Claim activity in the past seven weeks has far surpassed anything he has seen in the past 27 years. Insurance checks he has seen range from $3,000 to $28,000, and calls continue to come in.
Part of that, he said, is because “all of a sudden, they are seeing their neighbor getting work done.”
Roof integrity lost
That is what happened with Mark Bulcavage, who could plainly see hail scuffs on his burgundy aluminum siding but saw – from the ground – no major problems on his roof.”The neighbor tipped me off and said, ‘Oh, we have damage,’ and I said, ‘Huh?’ ” said Bulcavage, who lives on Commonwealth Boulevard in Kenhorst. “Until you go up, you may not see it.”The shingles on Bulcavage’s roof were speckled with small pockmarks from hail. At some of those spots, the grainy outer surface of the shingle had been obliterated, exposing the black, asphalt-fiberglass layer below.Tim Harley, an estimator for Bachman’s, said the inevitable freeze-thaw cycle might cause those spots to leak.”I know this asphalt is already wiped out,” he said of Bulcavage’s roof.Bulcavage’s insurance claim, including his roof, siding, and other damage, amounted to more than $14,000.The hail was so severe at Paul Bair’s home in Spring Township that individuals stones smashed through the back window of his black 2014 Nissan Altima and then went straight through the shelf below that windshield, winding up in the trunk. The car was totaled.Concerning his house, he said, “The roof didn’t look like it had any damage at all and it didn’t leak.”But Bair, who is semi-retired from a construction-related job, knew the lingo when adjustors came to his house. They determined that the roof had to be replaced.”The hailstones broke the surface protection,” he said. “The shingles won’t maintain the integrity of waterproofing. It will eventually leak.”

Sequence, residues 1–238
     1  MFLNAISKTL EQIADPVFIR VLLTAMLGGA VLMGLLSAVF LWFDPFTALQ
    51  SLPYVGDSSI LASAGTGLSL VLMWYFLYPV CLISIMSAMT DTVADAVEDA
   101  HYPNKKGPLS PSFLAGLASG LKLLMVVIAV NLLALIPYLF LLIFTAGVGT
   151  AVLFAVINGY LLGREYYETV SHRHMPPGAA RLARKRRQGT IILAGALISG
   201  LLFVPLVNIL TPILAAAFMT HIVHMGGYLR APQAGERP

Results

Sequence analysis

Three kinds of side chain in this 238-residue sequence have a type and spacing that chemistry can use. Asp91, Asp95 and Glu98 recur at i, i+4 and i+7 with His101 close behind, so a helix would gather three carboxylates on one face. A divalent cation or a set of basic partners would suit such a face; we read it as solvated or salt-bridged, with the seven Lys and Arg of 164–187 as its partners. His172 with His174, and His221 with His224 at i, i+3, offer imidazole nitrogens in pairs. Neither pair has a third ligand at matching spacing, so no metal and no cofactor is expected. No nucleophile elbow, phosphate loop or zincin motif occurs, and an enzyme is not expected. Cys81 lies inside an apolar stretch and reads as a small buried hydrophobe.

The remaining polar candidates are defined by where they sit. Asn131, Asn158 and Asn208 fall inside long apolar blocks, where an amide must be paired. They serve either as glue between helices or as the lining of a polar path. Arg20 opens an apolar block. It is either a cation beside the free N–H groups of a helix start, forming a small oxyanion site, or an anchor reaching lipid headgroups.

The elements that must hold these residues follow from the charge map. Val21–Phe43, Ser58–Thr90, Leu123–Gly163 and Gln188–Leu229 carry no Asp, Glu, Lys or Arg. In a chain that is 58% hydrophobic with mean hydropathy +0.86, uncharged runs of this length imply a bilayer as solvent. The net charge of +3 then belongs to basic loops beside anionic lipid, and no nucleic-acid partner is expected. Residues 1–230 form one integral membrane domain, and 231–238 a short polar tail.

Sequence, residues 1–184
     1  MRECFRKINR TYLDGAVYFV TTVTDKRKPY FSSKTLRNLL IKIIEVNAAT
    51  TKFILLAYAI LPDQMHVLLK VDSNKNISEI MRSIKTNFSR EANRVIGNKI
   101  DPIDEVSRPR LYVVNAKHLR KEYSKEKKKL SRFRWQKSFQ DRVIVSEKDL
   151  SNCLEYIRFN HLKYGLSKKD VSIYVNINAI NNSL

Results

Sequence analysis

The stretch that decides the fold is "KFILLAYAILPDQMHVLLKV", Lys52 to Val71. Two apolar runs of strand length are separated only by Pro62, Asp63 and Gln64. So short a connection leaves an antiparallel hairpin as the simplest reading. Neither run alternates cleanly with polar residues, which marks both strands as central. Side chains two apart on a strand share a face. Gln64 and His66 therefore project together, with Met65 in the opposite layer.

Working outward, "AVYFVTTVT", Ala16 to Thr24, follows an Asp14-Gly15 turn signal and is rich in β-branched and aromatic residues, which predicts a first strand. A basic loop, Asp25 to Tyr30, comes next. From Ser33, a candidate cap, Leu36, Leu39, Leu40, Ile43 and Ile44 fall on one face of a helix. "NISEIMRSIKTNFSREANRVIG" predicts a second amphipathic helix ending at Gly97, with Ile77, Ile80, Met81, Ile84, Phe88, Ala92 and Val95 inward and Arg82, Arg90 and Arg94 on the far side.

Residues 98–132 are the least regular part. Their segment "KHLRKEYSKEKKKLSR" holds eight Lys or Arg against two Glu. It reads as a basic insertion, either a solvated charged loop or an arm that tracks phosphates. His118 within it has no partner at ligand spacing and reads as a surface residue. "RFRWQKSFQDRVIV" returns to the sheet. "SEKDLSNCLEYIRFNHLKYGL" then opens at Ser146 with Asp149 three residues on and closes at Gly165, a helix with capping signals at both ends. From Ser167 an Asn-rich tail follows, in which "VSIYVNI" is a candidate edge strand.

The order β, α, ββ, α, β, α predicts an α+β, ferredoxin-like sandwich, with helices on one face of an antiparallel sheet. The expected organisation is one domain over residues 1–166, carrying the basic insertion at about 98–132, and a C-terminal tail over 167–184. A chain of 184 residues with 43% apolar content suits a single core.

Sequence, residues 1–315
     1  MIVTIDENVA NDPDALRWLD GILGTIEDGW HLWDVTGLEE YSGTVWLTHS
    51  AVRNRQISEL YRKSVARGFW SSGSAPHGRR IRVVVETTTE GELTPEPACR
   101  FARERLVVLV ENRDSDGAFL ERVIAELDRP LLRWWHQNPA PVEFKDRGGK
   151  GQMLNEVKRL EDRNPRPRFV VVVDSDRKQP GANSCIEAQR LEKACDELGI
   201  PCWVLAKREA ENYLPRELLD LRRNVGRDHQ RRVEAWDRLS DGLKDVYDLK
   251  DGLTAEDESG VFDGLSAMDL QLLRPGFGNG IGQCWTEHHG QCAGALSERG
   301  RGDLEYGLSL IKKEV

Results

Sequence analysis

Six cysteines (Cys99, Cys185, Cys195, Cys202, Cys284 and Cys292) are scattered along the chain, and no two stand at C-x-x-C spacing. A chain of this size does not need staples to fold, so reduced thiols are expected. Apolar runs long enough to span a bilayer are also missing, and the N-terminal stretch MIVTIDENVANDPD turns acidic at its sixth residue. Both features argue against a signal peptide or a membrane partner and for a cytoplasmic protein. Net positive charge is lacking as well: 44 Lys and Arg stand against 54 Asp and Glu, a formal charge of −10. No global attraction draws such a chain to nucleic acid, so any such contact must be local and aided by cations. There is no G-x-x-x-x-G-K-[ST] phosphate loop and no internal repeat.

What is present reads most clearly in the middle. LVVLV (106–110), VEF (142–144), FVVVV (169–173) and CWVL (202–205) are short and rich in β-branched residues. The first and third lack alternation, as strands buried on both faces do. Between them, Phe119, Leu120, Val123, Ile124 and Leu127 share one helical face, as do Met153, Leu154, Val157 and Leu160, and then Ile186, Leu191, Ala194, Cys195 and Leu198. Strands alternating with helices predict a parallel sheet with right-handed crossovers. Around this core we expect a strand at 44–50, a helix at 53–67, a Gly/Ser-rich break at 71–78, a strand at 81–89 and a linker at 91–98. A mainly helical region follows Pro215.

Proceed with caution
Christian Malesic, executive officer of the Home Builders Association of Berks County, said the spreading awareness of roofs that may have been damaged by hail does not mean the situation is urgent.He pointed out that there have been several heavy rainstorms since May 22, and if a roof has not leaked its replacement is not an urgent matter.”You can wait until the fall. The quicker you do it, the less time you give yourself for research,” he said.And, he added: “Just because your neighbor has damage does not mean you did. Maybe your big oak tree took the brunt of it.”Wyomissing, West Reading and nearby areas were flooded by door-to-door solicitors for contractors immediately after the storm.Malesic said the storm has produced more work than can be done by local contractors. He and other officials have cautioned residents to be careful. They suggest asking for references, for the contractor’s state-issued registration number and for proof that the contractor is insured.”This neighborhood was overwhelmed by contractors,” Ravel said of her part of Wyomissing, close to the Berkshire Mall. “There were so many fly-by-night people coming by it made you feel creepy.”Contact Ford Turner: 610-371-5037 or firstname.lastname@example.org.